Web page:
Anyway, it's fun, and my only minor reservation about it is that it's proving much more fun to write than the Small Fandom Big Bang idea I signed up with about a very old Cottia solving crimes in the South Downs with the help of Servius Placidus's great grandson, although I am quite keen to write that one too, I'm not sure my brain can cope with two long stories in succession.

Comments

( 12 comments — Leave a comment )
sally_maria
8th Dec, 2015 21:41 (UTC)
Doesn't want to pressure you, but would look forward to reading that, when it's finished. :-)
bunn
9th Dec, 2015 08:50 (UTC)
Oh good, I'm glad you think it sounds promising.

It grew out of that discussion we had after the finale, when you said you felt Arthur had never really got to grow up properly and I said I thought they'd written themselves into a corner because they'd made Merlin so powerful and astute and nice that it was hard to find anything much for Arthur to do.

Hence, Merlin is currently trapped underwater in a crystal sphere of his own magic, and I'm not letting him out until Arthur starts looking a bit more Future Kinglike :-D

I was hoping I might be able to persuade you to beta-read, actually, although I know it's a big ask for something that long, so don't feel you have to!
sally_maria
9th Dec, 2015 11:02 (UTC)
That really does sound interesting, and a story that would be worth telling. :-) I really did like the show's Arthur (and not just for the shirtlessness ;-D) but I really felt there were a lot of missed opportunities to show why we should see him as something special.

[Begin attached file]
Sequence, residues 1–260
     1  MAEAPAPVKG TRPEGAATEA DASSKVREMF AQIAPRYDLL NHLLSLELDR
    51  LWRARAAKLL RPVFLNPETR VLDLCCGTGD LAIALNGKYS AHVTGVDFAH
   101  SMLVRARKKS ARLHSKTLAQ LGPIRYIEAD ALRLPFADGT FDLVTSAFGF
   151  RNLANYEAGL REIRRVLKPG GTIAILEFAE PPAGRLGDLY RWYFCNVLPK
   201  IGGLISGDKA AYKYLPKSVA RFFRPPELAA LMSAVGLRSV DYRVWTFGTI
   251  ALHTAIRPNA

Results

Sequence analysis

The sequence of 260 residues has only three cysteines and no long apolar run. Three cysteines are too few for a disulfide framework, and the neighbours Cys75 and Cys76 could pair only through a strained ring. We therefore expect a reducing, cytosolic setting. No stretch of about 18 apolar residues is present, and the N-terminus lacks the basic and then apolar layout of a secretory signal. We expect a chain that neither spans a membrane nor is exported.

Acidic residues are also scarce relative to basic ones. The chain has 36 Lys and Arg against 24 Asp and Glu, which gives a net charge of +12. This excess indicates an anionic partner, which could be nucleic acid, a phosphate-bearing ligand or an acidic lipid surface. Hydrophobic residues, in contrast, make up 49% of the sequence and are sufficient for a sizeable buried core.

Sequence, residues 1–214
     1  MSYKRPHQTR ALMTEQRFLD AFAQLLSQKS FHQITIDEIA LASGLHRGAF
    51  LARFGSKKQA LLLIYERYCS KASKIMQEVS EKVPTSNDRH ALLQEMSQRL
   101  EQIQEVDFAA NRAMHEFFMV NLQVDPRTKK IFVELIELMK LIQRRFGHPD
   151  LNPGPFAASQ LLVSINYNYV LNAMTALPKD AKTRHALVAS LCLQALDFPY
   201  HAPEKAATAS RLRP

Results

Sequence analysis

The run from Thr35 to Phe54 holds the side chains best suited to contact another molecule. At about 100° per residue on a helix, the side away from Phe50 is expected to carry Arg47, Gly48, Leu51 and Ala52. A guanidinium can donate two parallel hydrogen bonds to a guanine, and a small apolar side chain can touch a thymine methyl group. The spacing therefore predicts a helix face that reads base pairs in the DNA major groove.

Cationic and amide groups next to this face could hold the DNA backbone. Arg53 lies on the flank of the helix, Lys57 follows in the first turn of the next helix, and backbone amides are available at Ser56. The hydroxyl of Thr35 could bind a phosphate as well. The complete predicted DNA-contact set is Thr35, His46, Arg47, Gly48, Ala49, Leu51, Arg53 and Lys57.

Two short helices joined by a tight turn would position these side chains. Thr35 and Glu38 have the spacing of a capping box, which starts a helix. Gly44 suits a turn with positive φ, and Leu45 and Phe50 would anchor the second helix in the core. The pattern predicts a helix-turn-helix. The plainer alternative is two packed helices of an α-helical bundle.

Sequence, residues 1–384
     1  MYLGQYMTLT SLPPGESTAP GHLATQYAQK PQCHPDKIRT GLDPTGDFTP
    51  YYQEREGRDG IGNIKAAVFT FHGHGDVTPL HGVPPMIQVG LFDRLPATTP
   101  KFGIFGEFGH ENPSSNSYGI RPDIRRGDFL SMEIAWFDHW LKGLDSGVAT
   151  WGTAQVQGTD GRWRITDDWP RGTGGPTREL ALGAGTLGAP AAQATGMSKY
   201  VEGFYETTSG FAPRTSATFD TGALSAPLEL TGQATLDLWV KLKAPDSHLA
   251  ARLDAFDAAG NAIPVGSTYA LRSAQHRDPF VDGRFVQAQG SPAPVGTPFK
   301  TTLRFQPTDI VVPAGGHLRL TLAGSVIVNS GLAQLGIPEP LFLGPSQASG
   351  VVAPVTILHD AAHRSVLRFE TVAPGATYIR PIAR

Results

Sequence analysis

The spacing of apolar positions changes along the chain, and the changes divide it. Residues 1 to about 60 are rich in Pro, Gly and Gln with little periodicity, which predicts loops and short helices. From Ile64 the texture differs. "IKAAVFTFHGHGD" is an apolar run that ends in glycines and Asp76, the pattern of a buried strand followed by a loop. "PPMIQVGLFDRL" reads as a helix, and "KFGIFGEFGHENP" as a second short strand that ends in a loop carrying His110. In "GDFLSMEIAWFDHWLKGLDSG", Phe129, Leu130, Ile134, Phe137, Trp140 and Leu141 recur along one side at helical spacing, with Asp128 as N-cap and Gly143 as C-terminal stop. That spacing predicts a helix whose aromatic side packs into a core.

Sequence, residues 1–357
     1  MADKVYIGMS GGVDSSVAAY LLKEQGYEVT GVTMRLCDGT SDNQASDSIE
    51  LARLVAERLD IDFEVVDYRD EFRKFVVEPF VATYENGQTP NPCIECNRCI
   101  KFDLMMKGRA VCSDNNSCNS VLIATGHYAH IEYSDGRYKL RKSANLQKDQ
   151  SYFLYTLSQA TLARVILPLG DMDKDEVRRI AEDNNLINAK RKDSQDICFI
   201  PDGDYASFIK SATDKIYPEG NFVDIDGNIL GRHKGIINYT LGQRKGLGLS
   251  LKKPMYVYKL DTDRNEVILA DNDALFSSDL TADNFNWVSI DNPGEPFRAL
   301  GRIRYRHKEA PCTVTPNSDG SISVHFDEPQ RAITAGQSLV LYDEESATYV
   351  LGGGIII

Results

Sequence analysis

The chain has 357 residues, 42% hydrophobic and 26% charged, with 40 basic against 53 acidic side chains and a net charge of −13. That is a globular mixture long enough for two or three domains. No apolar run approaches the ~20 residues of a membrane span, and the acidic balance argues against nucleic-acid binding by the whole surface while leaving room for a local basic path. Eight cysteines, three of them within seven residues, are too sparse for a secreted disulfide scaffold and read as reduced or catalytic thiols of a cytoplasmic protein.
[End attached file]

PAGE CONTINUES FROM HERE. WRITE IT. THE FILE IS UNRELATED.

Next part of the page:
Thank you for asking me to beta - I don't know how much use I'll be, because I'm not the most analytical of readers, but I'm very happy to try.
bunn
9th Dec, 2015 16:24 (UTC)
I've managed to talk a helpful person from ushobwri into volunteering an analytical kind of beta, but I'd really like to know if you feel I've managed to get Arthur to grow up and be convincing, which is the kind of thing that is easier to ask (and fix, if answer is 'no' )when something is at beta stage than when it's supposedly finished :-D

Edited at 2015-12-09 16:24 (UTC)
sally_maria
9th Dec, 2015 16:27 (UTC)
I'm certainly happy to do that. :-)
hhimring
8th Dec, 2015 22:23 (UTC)